Tag Archives: Marvel

A Week In Film #030: B movies, D-Days & K holes

The Verdict (1946) title screen

The Verdict (1946)
Don Siegel’s first full directing credit, IIRC. A dark hearted and dark humoured affair, this – Sidney Greenstreet is a Scotland Yard detective eased out by an ambitious younger rival, who proves that a man he sent to the gallows was in fact an innocent. Assisted by amiable lush and friend Peter Lorre, Greenstreet vows to exact his revenge…

Meet The Parents title screen

Meet The Parents
Ben Stiller tries to impress Robert De Niro, the uptight father of the girlfriend he wants to marry, but mostly he fucks up. Things pan out pretty much as you would expect.

Meet The Fockers title screen

Meet The Fockers
Sequel to the above in which OMG his name is Gaylord Focker LULZ! Hollywood liberals Dustin Hoffman and Barbara Streisand play Florida liberals, and everyone is happy by picture’s end.

Recount title screen

Recount
HBO TVM about the Florida voting scandal of the 2000 Presidential elections which led to the administration of Bush The Lesser; well liberal. Familiar faces include: Kevin Spacey, Denis Leary, Tom Wilkinson, John Hurt and Laura Dern being very funny as Katherine Harris.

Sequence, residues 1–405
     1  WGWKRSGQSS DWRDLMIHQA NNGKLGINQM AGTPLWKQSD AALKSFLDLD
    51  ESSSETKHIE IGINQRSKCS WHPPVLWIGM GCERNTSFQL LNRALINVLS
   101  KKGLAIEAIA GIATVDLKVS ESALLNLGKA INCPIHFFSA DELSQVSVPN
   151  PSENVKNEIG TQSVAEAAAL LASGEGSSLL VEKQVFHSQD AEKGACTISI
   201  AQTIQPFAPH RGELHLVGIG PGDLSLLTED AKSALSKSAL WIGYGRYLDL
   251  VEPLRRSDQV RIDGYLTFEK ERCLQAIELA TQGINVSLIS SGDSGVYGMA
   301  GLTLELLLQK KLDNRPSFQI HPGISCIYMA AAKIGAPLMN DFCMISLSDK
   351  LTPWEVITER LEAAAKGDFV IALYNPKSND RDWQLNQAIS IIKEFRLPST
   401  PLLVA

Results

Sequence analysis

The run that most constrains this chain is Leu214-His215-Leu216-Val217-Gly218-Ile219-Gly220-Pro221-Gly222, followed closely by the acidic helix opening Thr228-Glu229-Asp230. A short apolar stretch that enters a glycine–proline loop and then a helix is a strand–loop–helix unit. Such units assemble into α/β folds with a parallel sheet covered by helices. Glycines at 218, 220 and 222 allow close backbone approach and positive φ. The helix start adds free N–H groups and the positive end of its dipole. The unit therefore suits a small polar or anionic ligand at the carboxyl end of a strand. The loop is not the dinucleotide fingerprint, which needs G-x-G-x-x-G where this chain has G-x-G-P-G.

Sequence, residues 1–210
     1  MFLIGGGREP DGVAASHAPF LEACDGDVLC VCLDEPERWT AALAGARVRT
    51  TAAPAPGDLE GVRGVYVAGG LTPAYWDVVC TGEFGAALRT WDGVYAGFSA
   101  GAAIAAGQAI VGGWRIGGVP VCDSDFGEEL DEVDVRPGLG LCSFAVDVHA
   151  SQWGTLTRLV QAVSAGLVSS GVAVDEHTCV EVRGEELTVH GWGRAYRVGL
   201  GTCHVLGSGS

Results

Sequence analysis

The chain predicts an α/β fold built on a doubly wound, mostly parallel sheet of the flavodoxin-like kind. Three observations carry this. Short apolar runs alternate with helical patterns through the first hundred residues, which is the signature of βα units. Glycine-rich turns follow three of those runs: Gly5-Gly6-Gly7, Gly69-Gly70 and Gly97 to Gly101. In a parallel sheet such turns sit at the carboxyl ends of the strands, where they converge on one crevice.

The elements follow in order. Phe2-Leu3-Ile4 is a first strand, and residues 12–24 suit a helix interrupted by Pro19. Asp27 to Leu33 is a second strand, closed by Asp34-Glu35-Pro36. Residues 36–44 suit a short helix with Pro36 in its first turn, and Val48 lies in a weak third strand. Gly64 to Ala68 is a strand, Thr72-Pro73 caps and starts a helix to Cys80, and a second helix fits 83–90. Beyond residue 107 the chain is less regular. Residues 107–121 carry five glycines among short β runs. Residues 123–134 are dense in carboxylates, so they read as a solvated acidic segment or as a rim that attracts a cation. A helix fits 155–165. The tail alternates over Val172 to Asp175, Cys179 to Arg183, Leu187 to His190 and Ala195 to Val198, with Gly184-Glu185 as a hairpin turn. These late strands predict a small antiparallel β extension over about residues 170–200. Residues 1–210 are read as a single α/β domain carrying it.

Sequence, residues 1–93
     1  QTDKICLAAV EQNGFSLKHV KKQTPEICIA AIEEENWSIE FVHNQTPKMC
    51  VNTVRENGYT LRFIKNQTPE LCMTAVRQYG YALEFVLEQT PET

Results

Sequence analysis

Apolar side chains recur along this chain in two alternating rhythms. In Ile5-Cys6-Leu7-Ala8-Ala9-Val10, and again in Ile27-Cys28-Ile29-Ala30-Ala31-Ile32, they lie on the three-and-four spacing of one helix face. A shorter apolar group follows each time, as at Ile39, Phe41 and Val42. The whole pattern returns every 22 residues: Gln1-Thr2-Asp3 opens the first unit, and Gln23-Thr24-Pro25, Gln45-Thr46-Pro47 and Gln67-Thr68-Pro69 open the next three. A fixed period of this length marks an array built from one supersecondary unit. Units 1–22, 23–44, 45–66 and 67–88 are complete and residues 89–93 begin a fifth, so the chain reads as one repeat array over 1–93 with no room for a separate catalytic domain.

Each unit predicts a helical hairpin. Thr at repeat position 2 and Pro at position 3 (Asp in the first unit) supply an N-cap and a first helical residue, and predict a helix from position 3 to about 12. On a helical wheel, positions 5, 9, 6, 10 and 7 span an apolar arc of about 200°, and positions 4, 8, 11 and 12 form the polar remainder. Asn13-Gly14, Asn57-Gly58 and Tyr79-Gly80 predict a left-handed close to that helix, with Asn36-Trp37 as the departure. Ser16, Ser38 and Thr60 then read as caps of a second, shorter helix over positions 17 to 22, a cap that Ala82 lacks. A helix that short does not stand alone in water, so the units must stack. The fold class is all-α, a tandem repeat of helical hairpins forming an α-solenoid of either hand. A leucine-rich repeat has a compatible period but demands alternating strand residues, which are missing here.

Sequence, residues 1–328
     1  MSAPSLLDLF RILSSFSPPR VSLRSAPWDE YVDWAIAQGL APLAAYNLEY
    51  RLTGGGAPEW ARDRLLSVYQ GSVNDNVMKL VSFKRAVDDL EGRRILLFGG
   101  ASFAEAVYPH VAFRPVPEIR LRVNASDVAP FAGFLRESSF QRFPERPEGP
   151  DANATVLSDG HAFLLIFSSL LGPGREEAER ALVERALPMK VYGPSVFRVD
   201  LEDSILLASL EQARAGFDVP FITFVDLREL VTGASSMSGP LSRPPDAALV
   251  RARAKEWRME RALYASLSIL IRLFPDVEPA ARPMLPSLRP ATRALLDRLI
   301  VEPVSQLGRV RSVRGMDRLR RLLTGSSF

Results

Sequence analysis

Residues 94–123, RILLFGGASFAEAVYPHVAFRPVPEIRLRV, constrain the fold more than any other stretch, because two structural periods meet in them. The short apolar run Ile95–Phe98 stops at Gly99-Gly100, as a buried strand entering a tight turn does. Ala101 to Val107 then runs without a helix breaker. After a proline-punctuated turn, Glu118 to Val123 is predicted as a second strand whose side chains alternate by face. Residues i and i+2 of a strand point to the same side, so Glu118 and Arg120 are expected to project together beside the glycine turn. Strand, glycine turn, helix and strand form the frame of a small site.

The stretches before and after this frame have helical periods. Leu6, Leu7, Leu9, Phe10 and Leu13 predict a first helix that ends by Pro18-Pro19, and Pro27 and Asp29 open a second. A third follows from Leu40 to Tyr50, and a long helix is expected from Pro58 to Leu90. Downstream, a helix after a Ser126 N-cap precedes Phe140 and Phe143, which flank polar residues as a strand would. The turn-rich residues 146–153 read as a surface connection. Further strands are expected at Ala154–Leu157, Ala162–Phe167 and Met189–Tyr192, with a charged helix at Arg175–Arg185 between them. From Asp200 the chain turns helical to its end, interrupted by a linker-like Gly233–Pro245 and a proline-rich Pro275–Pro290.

Men At Work title screen

Men At Work
Emilio Estevez writes and directs himself and his brother Charlie Sheen as a pair of under-achieving garbagemen who get caught up in a toxic dumping/murder plot. It’s not great but it’s watchable. John Getz (the hapless boyfriend from Blood Simple) makes for a fun bad guy, and Keith David is superb as a Nam vet still suffering flashbacks.

Outpost title screen

Outpost
A motley crew of mercenaries escort a mysterious businessman to an old, abandoned bunker complex in the middle of an Eastern European civil war.

Again, supernatural war horror (cf Below, The Bunker, Deathwatch, The Keep), again, some good bits diluted by generally being sub-par in various departments (script needs tightening; better direction of the actors; more thoughtful lighting; more rhythmical editing; and much better visual effects, if you really insis on having them in the first place; etc).